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On birthdays and other things

May 4th, 2010 (09:31 pm)

current mood: contemplative

I always make Rhonda feel REALLY great when I tell her that her birthday--May 4--is the day Jeff died in 1995. Because that's the kind of friend I am! In actuality, though that time was a dark one, only two years afterward, I met Rhonda online, and here we are thirteen years later, "in real life" friends, as they say, and part of a group of people who enjoy and cherish one another, most of whom I didn't know existed in 1995. Celebrating Rhonda's birthday while remembering Jeff reminds me what brilliant experiences and people may await me after bad times. No matter what happens, there's always hope that eventually, someone could make a Pixie Bear on craft night.

I'm assuming--and I hope I'm right, because I have no cake baked!--that Rhonda will be blowing out candles at The Compound while the Canadians are here. And that's SO SOON. I hope the jasmine is still blooming for y'all, because I was outside earlier inhaling the aroma. Awesome.

To show that hope really does spring eternal, I also planted some seeds in little pots and in one of the flower beds this morning. If something I planted from a seed actually grows, it'll be a miracle. Tim has much better luck at that than I ever have--his morning glories I thought were gone forever because of our freezes have come back to stick out their purple tongues at me.

One of the daisies Tim got for The Compound looked especially lovely today. I'm presenting it here as a gift to 'Nathan, because it's orange and for another reason I think he'll understand.

Today is also Star Wars day, which I only discovered last year, I think: May the fourth be with you. Once again, in regard to balance, this reminds me to laugh in spite of the other event that this date signifies: the Kent State shootings in 1970. In February of this year, the site where four students died and nine were wounded was added to the National Register of Historic Places. Usually this doesn't happen for more than fifty years after an event, but the application offered a compelling case for registering the site. One of the applicants, Kent State Professor Emeritus Jerry Lewis, was acting as a faculty marshall on that spring day in 1970. Today, Amanda provided a link to a radio interview with Dr. Lewis that was really good. Thank you for that, Amanda.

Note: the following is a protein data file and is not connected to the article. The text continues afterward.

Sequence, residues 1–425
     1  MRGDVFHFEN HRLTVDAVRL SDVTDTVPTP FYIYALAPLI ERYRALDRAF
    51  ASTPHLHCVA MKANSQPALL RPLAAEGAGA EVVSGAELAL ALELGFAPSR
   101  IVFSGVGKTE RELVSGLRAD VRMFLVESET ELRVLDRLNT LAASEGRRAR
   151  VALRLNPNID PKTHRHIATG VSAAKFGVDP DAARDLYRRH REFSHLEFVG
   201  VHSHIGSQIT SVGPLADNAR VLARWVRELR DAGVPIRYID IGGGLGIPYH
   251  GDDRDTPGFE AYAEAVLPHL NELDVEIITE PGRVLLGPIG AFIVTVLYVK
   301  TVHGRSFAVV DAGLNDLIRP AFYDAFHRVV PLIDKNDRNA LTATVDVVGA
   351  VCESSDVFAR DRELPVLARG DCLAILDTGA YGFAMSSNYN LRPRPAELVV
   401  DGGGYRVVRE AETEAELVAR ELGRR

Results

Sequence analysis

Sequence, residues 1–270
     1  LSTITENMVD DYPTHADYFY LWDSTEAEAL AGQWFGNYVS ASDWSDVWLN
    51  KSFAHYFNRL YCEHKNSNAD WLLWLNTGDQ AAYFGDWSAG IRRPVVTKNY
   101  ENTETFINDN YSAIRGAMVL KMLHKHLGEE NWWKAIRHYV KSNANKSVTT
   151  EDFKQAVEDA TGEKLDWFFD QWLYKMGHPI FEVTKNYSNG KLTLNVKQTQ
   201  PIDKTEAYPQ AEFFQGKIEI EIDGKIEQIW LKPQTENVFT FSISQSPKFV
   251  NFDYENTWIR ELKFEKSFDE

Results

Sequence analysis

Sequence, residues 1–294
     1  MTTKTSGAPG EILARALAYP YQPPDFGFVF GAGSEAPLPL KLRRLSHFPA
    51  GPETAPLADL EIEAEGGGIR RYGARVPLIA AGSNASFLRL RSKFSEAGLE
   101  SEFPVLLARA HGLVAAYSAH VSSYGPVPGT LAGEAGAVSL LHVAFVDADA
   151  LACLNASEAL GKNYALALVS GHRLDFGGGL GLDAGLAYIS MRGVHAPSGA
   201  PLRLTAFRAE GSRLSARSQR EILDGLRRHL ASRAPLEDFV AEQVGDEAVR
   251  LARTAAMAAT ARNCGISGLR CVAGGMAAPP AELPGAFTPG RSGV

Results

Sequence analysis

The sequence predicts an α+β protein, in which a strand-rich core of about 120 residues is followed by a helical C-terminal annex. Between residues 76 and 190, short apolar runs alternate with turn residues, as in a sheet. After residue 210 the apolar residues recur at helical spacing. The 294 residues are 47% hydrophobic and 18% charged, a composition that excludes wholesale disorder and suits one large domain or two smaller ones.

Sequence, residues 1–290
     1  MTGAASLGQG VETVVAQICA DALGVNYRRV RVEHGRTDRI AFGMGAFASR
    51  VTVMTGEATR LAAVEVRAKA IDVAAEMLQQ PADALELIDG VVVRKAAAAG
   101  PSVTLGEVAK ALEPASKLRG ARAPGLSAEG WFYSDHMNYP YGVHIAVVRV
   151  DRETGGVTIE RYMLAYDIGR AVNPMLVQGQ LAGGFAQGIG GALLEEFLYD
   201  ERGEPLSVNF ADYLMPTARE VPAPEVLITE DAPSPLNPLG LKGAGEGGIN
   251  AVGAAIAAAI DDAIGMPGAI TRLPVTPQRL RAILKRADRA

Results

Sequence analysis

Among the things Dr. Lewis shared was an excerpt from an article written this year by Elaine Holstein. You probably don't recognize her name, but if you've ever read an article about Kent State, you've seen her son Jeff Miller in the Pulitzer Prize-winning photo taken of him that day; at age twenty, he lay dead on the ground with an anguished fourteen-year-old girl kneeling next to him, her arms outstretched.

I'd like to repeat the quote from Mrs. Holstein that Dr. Lewis shared:

...once in a while, I wonder about my son Jeff's future that had so needlessly been cut short.

What would he have been like now, at age 60? What sort of career would he have had? Would he have married? And what about those other grandchildren that my husband and I might have enjoyed?

Now, as I watch the news on TV each night, I deplore the increasing ugliness of politics, and I'm afraid. I know too well what can happen when hatred takes over.

Please, let us lower the volume and be civil toward one another.

For Jeff's sake. And for all of ours.

Every life has its celebrations and losses, its joys and heartbreaks. I believe each time we're willing to see that truth in the lives of others, even those from whom we feel different, we make civility more possible--and we nourish our own souls.

Rhonda, your date is a profound one--and this crazy world is better because you're in it. Happy birthday.


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